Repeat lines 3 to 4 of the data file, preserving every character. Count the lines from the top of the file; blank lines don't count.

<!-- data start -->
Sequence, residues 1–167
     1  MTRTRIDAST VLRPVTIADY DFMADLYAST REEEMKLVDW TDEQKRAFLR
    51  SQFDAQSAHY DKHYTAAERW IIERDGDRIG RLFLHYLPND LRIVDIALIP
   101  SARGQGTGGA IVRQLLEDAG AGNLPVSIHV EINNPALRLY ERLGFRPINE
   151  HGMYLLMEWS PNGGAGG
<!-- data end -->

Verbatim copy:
    51  SQFDAQSAHY DKHYTAAERW IIERDGDRIG RLFLHYLPND LRIVDIALIP
   101  SARGQGTGGA IVRQLLEDAG AGNLPVSIHV EINNPALRLY ERLGFRPINE